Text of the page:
July 25, 2021

In Germany, Armin Laschet poses as the natural heir of Angela Merkel

«No experiments! » (“No adventures”), had promised Chancellor Konrad Adenauer (CDU), candidate for his re-election in 1957. Sixty-four years later, the program on which Armin Laschet intends to rely to succeed Angela Merkel at the head of the federal government could be summed up by the same formula.

In line with Adenauer, with whom he shares the Catholic faith and Rhenish origins, the CDU-CSU candidate presents himself as the natural heir of Angela Merkel whose main choices he has approved since coming to power in 2005. Especially during the refugee crisis of 2015, during which he loyally supported his reception policy, in opposition to a number of heavyweights of the conservative right, who strongly opposed it.

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In a title, the order of the words, for example, can be as important as the words themselves. This is the case with the “Program for Stability and Renewal” presented on Monday June 21 by the German conservatives. 139 pages long, the project on which the CDU-CSU intends to win the legislative elections of September 26 is more an ode to continuity than a call for change.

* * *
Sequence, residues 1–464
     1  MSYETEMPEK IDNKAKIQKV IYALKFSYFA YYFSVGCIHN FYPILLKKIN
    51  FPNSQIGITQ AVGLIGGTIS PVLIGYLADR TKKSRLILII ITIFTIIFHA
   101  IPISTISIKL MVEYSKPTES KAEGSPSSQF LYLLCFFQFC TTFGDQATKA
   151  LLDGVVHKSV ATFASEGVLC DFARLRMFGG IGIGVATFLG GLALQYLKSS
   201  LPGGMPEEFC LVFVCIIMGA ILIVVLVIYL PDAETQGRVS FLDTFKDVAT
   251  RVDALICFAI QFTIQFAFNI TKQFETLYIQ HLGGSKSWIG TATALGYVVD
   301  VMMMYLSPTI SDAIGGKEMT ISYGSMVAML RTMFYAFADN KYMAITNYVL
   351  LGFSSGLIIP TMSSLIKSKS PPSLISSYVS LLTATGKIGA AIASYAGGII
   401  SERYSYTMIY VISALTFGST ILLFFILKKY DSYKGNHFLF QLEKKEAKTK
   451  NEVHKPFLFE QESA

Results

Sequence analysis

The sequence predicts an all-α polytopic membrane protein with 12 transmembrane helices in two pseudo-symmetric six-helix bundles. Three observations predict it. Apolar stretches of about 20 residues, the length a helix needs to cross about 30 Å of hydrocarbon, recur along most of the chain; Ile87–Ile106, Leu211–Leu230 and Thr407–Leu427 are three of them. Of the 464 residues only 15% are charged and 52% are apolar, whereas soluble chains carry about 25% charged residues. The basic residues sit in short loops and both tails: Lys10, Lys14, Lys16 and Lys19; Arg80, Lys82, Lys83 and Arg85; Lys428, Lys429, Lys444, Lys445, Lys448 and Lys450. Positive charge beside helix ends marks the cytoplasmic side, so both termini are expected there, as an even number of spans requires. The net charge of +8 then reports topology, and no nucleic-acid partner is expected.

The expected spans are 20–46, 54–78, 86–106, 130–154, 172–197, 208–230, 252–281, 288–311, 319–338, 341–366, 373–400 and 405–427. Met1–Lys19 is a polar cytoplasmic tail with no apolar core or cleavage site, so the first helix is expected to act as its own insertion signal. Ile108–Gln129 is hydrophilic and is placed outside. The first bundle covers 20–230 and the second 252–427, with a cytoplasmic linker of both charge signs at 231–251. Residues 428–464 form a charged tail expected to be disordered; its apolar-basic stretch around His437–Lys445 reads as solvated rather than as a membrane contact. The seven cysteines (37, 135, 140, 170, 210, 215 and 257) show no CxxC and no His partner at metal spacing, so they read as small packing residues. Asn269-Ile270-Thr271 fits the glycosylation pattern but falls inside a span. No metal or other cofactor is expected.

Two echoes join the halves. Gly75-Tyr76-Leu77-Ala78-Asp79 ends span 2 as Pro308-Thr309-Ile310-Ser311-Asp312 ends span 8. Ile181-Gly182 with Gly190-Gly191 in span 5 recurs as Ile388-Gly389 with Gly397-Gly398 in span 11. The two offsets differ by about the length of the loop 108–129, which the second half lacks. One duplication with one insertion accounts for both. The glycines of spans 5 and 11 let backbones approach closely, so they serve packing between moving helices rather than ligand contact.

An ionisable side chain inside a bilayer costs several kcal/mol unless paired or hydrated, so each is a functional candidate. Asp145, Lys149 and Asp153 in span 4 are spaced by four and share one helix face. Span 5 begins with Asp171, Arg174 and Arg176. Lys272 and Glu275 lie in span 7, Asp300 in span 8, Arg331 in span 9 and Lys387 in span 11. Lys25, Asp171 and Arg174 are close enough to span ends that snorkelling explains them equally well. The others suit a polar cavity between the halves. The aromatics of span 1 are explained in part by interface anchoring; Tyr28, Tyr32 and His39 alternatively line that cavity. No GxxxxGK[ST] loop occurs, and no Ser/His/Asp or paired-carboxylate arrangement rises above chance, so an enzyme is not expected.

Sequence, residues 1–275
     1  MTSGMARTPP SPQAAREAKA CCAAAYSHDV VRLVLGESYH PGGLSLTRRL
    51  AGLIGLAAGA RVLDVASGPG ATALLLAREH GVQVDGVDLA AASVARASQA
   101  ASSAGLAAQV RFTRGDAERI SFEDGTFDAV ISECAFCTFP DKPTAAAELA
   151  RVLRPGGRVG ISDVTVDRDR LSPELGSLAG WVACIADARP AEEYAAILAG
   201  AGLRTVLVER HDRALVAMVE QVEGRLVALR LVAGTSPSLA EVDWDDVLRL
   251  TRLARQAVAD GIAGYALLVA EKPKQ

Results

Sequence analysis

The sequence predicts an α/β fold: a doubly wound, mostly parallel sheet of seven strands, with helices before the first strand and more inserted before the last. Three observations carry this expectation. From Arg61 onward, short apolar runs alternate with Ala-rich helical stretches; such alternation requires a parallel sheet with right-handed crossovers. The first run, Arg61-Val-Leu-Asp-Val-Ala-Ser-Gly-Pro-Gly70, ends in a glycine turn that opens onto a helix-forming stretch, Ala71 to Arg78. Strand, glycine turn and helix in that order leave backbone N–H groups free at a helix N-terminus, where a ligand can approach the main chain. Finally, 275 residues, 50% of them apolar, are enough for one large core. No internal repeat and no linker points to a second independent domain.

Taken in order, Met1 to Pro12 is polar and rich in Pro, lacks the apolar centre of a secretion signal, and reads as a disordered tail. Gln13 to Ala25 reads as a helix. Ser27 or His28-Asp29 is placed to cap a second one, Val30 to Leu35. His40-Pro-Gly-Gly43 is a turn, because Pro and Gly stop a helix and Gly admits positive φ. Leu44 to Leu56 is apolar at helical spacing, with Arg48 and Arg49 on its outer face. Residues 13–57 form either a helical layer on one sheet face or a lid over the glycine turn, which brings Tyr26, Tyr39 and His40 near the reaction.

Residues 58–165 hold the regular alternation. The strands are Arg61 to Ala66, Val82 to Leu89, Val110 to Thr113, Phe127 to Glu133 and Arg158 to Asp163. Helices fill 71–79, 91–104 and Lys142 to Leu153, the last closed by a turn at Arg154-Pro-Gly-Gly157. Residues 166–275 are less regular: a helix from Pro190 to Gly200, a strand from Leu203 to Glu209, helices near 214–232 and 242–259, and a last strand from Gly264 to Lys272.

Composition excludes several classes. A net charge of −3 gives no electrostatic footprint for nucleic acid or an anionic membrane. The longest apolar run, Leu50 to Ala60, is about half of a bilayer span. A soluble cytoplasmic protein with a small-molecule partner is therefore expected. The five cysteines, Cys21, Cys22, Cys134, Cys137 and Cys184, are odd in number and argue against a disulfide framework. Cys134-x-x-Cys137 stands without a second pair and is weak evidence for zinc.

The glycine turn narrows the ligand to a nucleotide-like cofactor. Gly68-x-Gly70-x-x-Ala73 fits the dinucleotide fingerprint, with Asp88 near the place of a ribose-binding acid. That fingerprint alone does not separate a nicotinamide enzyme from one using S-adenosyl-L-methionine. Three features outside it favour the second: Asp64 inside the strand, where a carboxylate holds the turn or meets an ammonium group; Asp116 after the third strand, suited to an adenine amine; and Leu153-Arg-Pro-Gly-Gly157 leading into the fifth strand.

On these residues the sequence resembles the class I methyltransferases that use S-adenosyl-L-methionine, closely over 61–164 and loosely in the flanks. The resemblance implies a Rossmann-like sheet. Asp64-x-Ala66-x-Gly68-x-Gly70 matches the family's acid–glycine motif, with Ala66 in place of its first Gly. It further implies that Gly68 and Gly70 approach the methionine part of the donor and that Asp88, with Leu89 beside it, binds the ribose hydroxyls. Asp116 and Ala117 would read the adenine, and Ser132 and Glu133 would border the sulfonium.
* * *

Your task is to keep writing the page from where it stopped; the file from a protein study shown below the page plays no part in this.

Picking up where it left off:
At the heart of this program: the refusal of a tax increase. “After the pandemic, tax increases are not the right way to go”, indicates the document. Unlike the Greens, the Social Democrats (SPD) and the left-wing Die Linke party, the conservatives are opposed to the introduction of a wealth tax. Like the Liberal Democrats (FDP), they promise to abolish the solidarity tax created in 1991 to finance the cost of reunification. They are also proposing to reduce the maximum tax on corporate profits from 30% to 25%.

Faithful to its past commitments

As in the past, the CDU-CSU continues to present itself as the guarantor of budgetary orthodoxy. “We want to return as quickly as possible to balanced budgets without new debt and lower the debt ratio of general government below 60%”, can we read in his program presented on Monday. On this point, the conservatives clearly stand out from the Greens, the SPD and Die Linke, who want to reform the “debt brake”. This constitutional mechanism, which has prohibited since 2009 the federal state from borrowing more than 0.35% of annual gross domestic product (GDP), was lifted by the Bundestag in 2020 and 2021 to finance expenditure related to the Covid-19.

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